Conclusions and Relevance
Despite the visual acuity improvement observed in this case, multifocal electroretinography and microperimetry indicate that subretinal brilliant blue G might cause focal macular damage with a decrease of macular function suggestive of a toxic effect.
Brilliant blue G (BBG) selectively stains the internal limiting membrane (ILM), improving visualization during ILM peeling.1 Despite controversy about the safety profile of the dye, BBG has been widely used intraoperatively in many countries.1
Accidental delivery of dyes into the subretinal space is a well-known complication associated with macular surgical procedures.2- 5 In this report, we describe the outcomes of retinal function and structure during 2 years in a patient after epiretinal membrane (ERM) and ILM peeling with accidental migration of BBG into the subretinal space at the macular area.
A man in his 60s presented with decreased visual acuity and progressive metamorphopsia for 6 months in his right eye. The patient had a history of glaucoma and had been monitored in our clinic for the past 5 years with well-controlled intraocular pressure and stable visual field defects.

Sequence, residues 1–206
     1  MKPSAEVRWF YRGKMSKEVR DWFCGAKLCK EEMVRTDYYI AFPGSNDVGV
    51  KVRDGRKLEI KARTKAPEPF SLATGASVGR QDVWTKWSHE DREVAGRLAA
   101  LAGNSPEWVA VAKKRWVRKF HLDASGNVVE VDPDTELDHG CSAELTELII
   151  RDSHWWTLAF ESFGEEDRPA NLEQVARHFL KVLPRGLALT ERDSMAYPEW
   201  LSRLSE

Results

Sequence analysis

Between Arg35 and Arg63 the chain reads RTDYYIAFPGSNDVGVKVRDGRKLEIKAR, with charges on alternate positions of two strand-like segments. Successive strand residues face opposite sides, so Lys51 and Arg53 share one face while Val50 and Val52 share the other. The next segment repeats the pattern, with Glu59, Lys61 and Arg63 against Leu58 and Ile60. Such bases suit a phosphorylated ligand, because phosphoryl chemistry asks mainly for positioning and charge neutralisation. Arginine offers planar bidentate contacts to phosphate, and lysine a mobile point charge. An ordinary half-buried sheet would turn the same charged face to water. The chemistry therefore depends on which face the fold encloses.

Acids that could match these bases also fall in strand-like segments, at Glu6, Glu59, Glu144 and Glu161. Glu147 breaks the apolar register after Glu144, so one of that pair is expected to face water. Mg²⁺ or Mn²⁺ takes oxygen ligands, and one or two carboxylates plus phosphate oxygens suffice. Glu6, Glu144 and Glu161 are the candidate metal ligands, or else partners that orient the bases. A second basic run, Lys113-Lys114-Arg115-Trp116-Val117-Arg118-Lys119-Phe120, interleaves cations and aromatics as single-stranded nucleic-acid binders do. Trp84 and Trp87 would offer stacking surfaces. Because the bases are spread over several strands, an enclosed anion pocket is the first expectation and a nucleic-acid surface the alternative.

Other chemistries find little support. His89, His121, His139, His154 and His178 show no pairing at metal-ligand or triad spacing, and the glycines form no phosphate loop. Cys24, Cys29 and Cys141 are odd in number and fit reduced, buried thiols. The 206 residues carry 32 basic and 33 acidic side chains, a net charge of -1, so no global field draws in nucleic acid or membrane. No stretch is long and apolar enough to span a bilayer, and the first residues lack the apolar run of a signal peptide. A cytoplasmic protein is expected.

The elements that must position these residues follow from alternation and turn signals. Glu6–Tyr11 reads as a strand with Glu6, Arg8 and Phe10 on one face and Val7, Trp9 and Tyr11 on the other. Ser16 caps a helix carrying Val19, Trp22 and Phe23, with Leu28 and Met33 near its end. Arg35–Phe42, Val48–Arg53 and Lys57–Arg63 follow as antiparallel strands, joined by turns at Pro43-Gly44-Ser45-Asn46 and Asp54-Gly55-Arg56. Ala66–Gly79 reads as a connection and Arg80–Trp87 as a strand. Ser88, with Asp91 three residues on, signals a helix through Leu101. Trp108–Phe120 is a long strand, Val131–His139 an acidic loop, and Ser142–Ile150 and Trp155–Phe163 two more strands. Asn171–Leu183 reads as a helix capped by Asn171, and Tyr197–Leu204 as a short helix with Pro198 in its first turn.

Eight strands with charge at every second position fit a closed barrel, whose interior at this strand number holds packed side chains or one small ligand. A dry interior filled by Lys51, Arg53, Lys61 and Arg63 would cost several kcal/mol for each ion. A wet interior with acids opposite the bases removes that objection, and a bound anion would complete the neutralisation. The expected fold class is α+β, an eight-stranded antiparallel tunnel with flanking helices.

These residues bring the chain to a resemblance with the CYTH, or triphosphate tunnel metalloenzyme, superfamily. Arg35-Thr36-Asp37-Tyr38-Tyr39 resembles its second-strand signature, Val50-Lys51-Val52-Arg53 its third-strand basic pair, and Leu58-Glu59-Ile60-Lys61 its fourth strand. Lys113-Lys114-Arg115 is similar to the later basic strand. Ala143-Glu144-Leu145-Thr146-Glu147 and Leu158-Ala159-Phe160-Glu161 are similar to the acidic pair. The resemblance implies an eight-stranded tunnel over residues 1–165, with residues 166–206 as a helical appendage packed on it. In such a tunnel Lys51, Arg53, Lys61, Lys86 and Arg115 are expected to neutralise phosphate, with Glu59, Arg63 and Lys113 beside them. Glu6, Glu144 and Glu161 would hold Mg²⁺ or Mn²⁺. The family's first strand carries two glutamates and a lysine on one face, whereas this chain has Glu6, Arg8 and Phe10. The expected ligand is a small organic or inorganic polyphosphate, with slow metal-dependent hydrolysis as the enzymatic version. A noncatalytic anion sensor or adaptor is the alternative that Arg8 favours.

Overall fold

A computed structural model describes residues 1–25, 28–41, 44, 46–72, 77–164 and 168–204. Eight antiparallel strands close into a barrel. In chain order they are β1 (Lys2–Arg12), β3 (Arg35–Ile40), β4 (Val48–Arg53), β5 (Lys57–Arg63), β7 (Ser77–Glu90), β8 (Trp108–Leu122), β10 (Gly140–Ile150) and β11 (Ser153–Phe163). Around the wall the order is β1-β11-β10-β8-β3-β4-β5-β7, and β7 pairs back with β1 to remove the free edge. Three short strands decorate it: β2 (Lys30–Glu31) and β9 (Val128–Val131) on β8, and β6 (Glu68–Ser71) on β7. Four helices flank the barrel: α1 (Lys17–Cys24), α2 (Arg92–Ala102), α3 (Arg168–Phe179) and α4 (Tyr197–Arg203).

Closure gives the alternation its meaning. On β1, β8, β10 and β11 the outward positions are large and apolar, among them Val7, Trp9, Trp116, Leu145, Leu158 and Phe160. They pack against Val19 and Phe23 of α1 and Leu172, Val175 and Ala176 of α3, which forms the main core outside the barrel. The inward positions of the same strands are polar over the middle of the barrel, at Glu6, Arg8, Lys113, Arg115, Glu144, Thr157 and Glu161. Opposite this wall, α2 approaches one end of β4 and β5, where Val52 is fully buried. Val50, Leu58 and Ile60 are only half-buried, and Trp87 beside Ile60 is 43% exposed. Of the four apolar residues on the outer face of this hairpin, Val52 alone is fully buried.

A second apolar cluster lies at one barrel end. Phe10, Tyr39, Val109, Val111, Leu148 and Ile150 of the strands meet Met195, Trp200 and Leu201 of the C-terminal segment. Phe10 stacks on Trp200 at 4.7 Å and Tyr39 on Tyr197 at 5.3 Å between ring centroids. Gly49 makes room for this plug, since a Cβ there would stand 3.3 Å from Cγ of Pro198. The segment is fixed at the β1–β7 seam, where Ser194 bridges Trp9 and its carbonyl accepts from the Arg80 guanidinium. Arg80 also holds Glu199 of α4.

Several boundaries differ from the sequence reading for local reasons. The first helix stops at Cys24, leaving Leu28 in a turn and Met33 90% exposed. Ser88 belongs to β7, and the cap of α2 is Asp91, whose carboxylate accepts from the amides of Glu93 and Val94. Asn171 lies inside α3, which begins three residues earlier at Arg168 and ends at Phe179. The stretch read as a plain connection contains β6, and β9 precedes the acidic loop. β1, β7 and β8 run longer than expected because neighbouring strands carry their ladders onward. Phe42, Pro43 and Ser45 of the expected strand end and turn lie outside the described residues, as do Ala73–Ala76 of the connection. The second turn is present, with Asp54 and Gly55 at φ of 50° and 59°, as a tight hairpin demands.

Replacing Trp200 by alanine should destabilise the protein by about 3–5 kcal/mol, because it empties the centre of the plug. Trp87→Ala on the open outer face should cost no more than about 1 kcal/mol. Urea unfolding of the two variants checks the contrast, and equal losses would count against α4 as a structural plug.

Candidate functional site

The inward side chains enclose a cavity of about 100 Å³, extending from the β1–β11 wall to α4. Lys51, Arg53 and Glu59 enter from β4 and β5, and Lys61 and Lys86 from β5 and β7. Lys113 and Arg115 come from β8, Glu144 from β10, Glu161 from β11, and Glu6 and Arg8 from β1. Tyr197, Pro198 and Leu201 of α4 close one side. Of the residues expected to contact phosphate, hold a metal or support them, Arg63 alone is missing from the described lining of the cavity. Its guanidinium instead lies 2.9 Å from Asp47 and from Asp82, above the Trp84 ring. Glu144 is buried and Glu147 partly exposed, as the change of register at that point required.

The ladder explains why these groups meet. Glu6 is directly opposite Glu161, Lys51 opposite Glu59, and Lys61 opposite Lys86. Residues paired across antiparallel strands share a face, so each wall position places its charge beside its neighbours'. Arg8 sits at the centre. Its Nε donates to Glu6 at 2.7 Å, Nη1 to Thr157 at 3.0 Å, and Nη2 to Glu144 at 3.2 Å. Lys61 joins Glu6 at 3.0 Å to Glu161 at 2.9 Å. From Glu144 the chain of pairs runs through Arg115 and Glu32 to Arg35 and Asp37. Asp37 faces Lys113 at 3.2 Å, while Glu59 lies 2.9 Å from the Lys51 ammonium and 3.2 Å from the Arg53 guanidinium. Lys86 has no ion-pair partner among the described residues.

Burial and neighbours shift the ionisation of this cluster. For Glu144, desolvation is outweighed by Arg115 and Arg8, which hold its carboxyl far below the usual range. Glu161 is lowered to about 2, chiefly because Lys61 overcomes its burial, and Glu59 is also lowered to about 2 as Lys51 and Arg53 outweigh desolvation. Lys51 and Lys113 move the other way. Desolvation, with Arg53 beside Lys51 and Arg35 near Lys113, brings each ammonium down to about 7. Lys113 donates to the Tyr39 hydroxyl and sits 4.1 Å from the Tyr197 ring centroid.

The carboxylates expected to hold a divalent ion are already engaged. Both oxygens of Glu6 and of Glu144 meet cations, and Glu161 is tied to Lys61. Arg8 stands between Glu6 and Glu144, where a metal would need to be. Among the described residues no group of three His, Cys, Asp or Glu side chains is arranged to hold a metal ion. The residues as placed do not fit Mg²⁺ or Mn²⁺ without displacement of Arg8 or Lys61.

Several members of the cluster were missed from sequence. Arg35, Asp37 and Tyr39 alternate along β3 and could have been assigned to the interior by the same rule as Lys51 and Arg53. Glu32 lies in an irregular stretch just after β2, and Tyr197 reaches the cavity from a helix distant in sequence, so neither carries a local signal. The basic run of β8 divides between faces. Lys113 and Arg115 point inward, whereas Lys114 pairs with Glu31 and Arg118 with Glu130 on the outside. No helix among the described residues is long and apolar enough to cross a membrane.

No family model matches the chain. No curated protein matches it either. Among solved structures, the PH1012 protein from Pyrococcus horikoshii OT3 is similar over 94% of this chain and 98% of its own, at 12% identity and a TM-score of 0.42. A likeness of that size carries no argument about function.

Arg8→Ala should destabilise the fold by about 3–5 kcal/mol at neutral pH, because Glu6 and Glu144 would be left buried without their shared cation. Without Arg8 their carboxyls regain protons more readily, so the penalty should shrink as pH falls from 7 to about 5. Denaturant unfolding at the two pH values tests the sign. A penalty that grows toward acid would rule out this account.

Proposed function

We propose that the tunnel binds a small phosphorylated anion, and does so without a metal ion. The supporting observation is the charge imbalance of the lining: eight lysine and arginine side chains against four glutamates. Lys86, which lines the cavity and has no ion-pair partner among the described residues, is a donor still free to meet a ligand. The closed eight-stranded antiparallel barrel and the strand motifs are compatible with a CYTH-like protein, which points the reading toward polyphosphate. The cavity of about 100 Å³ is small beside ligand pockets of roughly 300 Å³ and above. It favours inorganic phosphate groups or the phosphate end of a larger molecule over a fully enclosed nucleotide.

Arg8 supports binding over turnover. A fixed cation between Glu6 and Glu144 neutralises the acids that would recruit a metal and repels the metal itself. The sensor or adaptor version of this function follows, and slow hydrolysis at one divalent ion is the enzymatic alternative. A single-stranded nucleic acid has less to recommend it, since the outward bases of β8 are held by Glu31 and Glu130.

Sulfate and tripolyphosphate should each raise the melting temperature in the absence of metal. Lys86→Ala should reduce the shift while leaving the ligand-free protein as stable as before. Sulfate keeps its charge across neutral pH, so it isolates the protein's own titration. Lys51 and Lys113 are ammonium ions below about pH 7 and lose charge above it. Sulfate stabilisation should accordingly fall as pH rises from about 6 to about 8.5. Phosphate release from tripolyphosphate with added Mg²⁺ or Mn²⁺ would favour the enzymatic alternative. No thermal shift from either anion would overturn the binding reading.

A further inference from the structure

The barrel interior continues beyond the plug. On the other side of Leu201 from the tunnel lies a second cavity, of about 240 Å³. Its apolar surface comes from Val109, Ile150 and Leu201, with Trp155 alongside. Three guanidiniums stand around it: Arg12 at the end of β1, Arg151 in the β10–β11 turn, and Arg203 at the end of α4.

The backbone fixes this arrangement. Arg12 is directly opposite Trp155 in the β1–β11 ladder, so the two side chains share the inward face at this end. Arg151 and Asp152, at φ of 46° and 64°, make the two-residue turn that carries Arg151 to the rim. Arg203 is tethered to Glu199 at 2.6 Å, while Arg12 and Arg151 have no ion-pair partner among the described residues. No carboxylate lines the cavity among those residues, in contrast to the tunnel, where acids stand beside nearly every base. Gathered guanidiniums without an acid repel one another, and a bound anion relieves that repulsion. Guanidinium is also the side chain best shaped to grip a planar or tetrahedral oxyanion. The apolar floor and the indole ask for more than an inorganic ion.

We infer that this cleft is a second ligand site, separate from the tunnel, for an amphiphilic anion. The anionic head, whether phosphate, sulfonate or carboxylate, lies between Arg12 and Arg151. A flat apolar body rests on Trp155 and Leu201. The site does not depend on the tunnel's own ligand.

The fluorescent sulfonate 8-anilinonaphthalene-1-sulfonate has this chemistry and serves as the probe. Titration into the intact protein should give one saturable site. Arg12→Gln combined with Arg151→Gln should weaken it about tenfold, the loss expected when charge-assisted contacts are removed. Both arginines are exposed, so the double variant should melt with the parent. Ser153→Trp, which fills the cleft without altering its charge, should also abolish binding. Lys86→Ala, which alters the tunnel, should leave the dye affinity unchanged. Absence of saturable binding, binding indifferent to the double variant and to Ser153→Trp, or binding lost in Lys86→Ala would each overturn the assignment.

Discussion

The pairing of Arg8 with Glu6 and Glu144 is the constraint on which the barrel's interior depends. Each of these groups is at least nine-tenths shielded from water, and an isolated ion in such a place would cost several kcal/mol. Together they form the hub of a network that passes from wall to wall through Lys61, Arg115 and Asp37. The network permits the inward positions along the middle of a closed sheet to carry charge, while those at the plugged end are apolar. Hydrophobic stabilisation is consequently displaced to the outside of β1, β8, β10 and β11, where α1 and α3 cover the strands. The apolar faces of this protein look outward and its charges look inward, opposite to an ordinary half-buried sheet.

Examination demonstrated a best-corrected visual acuity (BCVA) of 20/70 OD and 20/20 OS. Intraocular pressure was 13 mm Hg and 12 mm Hg, respectively. Slitlamp examination demonstrated mild nuclear sclerosis in each eye. Dilated ophthalmoscopic examination demonstrated thinning of the neuroretinal rim in each eye and an ERM with vascular tortuosity in the right eye. Optical coherence tomography (Heidelberg retinal angiography; Heidelberg Engineering) of the right eye was notable for an ERM and a central subfield macular thickness (CSMT) of 596 µm (Figure 1). Multifocal electroretinography (mfERG) (Espion E2; Diagnosys LLC) of the right eye revealed amplitude and implicit times within the reference range (Figure 2).
Phacoemulsifications with posterior chamber intraocular lens (MA60AC +22.5 diopters; Alcon Inc) placement, followed by 23-gauge pars plana vitrectomy (Accurus system; Alcon/Grieshaber), were performed on the right eye. Three nonvalved trocars (Alcon Inc) were placed, and triamcinolone acetonide, 0.4 mg, in 0.1 mL (Ophthalmos) was used to stain the vitreous and facilitate posterior hyaloid detachment. The ERM was removed with a macular forceps.